This month I was asked to record a podcast on self-compassion for the online magazine, Recovery Warriors. They are a great, uplifting support for those struggling with disordered eating and body image issues. At the end of the podcast, the host, Jessica Flint, asked me what was one of my favorite quotes? I have many, but the one I chose was actually one of my own that I tell my clients quite often. There is a difference between just surviving in your life and through recovery and thriving. It all comes down to the approach you take toward it all.

This concept doesn’t just apply to recovery but to any suffering. There is a difference between getting by, getting through, or in other words just surviving a challenging time, or learning how to thrive and grow, not just after it is over but during it as well. The key question that makes the difference is, how do you hold the moments of challenge and suffering? Are you gentle? Or do you push and harshly drive your way through? We are enculturated to believe that we must suffer through suffering! It is the typical mind-set of, “no pain, no gain,” and the striving mind that says, being harsh on yourself is the only way out. When we approach suffering in this way we actually add on more! However, there is another way. Being self-compassionate actually creates intense effort, momentum, and change, only it uses kindness rather than criticism to motivate!

This was the key finding in my doctoral research on self-compassion and the primary message throughout my book. It is not that suffering will disappear, rather, what we know both from my own research and so many others, is that when we approach and hold our suffering in a self-compassionate way we actually transform it and learn so many new things during the process, not just when it is done. Self-compassion allows you to hold the suffering in a new way that teaches you about the moment, helps you to grow, heightens your awareness, and builds resiliency along the way. All without creating more suffering. My clients who have fully recovered know that because they held recovery in this self-compassionate way, it ended up being the gift that taught them the most about living a full, joyous life.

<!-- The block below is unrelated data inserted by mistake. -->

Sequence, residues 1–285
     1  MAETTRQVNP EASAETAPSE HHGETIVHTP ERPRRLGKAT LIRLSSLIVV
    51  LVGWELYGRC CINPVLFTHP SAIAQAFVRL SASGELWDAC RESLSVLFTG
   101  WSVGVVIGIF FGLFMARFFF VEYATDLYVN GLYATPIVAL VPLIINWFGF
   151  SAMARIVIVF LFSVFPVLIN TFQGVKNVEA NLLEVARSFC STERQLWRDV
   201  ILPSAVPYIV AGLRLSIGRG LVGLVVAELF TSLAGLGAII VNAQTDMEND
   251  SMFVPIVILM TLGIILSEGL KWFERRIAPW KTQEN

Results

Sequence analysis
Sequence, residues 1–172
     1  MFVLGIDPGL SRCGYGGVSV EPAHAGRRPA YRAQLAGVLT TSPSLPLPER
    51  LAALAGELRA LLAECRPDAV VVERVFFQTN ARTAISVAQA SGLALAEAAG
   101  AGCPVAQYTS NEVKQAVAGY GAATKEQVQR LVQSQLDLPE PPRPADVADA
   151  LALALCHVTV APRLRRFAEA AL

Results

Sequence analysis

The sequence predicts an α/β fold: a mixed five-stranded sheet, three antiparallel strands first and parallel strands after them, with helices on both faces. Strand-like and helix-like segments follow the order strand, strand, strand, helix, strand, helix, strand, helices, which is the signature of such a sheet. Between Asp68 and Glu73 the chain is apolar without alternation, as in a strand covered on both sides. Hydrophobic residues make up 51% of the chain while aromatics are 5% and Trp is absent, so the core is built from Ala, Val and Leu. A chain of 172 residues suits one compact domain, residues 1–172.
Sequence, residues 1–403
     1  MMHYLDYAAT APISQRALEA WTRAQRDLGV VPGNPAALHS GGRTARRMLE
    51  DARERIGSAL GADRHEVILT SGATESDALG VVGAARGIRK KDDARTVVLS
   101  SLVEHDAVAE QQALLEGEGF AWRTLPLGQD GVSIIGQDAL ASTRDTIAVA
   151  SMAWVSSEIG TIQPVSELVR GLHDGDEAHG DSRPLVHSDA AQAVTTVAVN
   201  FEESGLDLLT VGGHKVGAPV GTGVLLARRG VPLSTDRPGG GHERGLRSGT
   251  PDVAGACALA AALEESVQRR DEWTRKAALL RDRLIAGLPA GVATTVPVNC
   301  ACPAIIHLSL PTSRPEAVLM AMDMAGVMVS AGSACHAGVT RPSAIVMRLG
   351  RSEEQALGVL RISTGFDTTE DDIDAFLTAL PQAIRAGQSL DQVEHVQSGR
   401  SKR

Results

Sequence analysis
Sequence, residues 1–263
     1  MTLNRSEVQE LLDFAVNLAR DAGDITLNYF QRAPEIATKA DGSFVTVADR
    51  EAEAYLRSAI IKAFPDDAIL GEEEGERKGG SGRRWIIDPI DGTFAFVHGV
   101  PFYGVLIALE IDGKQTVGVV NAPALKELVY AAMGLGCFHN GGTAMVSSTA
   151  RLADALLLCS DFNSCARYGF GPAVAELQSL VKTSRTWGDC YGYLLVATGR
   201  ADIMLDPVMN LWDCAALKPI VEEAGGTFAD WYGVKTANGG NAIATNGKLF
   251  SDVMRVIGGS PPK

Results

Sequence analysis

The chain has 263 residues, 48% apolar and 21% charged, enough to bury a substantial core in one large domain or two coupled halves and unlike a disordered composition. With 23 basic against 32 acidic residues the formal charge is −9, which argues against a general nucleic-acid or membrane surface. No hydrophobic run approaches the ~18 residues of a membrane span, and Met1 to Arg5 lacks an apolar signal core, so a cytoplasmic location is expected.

Here are some self-compassionate phrases from my book Befriending Your Body: A Self-Compassionate Approach to Freeing Yourself from Disordered Eating that can help you to reset difficult moments of suffering and instead turn them into moments of growth. Where they are geared toward eating disorder recovery, you may apply these phrases throughout any difficult moment:

I recognize that something is wrong. This is all I have to know right now.

I will begin to listen to my inner knowing, including the messages from my body that are concerning to me. I intend to continue to move toward the truth, even though it is painful.

It is okay to admit to these very real, scary, and dark thoughts and feelings I have right now.

I will not criticize my current pain and in turn create even more pain. What I am dealing with now is enough.

I understand that there is light beyond this pain, even if I do not feel it right now.

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